Using data to cut fixed costs

The adoption of a controlled traffic system served as the first step towards greater scrutiny of establishment methods.  Direct drilling and reduced tillage practices have since displaced deep cultivations.  Yield maps are overlaid with input cost data to create gross margin maps. These are used to identify underperforming areas requiring attention.

“We have invested considerable time and effort into collating this data and so far, only Gatekeeper allows you to pull it all together for analysis on a single platform. The advantage is that it allows the user to create variable rate seed and lime maps on a field-by-field basis while overlaying yield and soil texture maps to perform gross margin analysis.  We have also used them to show the staff how easy compaction is created and where remedial work will be required.”

The intention is to develop a dataset that supports changes in activity.  “One potential is that we use these data to help us meet our stewardship obligations by identifying the least productive parcels of land, rather than the conventional approach of taking whole fields or just field margins out of production.  It also has the potential to reduce fixed costs by better enabling us to match the machinery and labour requirement to the workload. This would also help to create a more resilient business.”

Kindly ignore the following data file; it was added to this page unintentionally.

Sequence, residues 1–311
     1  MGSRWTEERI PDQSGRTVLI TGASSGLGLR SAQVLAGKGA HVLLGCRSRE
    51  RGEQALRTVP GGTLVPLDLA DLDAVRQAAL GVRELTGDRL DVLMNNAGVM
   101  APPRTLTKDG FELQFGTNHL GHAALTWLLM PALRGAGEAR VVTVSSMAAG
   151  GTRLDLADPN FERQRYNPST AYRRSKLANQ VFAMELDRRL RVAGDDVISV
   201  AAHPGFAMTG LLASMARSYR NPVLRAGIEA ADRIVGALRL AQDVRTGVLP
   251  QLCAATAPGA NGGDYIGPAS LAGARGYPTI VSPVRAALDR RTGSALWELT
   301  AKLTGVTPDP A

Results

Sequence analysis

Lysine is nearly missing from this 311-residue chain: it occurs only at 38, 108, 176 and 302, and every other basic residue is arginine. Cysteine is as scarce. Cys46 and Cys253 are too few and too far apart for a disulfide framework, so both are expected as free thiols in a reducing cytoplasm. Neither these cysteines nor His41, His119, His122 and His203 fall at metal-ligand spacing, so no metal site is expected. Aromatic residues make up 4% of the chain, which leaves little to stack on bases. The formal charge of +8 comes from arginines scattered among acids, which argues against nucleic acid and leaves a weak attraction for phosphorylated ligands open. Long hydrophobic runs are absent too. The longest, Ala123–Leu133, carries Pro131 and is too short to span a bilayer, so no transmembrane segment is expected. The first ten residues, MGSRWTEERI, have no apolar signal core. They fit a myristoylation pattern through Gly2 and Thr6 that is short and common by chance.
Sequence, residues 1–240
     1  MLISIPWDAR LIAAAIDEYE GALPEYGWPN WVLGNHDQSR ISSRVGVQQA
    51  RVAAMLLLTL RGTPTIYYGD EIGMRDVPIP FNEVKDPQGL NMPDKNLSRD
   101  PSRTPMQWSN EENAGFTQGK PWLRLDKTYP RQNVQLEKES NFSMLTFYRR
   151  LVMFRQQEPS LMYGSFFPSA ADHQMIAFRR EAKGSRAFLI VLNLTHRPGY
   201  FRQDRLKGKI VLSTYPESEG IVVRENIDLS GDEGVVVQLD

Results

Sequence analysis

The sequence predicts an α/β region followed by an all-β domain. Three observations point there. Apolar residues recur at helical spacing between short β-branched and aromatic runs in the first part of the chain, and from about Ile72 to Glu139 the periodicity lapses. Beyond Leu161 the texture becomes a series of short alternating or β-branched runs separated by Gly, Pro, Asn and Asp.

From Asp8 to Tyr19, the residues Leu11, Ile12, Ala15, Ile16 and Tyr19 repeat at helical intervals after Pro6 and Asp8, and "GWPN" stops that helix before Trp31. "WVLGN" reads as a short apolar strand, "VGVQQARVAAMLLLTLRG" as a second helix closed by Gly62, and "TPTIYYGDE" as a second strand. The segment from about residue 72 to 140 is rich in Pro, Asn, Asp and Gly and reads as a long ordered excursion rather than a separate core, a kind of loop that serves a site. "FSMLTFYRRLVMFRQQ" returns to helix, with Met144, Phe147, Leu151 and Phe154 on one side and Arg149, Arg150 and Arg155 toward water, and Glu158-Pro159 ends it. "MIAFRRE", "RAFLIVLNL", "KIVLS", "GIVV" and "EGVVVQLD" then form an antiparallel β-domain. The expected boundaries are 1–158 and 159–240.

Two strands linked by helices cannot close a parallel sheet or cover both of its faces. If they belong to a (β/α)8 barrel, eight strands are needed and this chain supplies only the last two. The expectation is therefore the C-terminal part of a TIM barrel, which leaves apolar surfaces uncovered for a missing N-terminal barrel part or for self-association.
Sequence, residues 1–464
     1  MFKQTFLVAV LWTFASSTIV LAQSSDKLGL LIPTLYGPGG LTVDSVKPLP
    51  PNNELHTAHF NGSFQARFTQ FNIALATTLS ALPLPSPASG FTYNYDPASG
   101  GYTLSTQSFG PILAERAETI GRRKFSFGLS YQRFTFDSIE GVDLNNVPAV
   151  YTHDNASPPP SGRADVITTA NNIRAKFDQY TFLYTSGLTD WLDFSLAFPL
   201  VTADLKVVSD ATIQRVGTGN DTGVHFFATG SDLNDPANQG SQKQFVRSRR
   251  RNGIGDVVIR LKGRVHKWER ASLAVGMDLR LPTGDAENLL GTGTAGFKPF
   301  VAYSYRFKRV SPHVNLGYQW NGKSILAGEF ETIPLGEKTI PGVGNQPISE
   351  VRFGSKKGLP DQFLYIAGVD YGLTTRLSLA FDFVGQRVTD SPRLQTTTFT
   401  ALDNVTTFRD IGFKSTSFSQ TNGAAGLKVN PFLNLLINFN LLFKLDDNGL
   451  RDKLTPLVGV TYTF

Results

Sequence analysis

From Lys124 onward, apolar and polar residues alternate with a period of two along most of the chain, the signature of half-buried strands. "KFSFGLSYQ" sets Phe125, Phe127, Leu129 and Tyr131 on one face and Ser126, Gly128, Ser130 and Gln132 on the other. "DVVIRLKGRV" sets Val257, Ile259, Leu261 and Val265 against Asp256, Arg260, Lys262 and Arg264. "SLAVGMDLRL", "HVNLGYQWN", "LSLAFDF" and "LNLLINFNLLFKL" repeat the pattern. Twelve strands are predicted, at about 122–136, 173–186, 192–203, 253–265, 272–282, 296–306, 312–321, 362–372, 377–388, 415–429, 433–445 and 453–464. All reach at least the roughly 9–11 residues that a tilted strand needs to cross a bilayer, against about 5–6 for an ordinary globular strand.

This information and other changes have supported a review of fixed costs. The farm already supports a smaller workforce than five years ago while changes in establishment practices have cut costs by 40%.  As a result, establishment costs are now broadly in line with the average reported by Controlled Traffic Farming Europe.

“Diesel consumption for wheat establishment has fallen from 136 litres/ha to 46 litres/ha and the average time in field has fallen dramatically too while the move to CTF means less than 20% of the surface is now trafficked,” he says.

“The 2020 harvest has underlined the need to be hard on fixed costs. We want to be making a respectable profit in the good years while avoiding a loss in difficult years,” says Mr Harker.

The farm is now five years into its battle with black-grass and progress is such that there were plans to expand the area of winter crops in the autumn of 2019, but one of the wettest autumns on record forced a change.

“Last autumn we received 170% of our typical rainfall.  As a result, the area of spring crops was up 700% on what we intended to 3,035 hectares.  Hopefully, this autumn will be kinder, but it re-enforced the need to build a resilient business should this season be repeated post-CAP,” he says.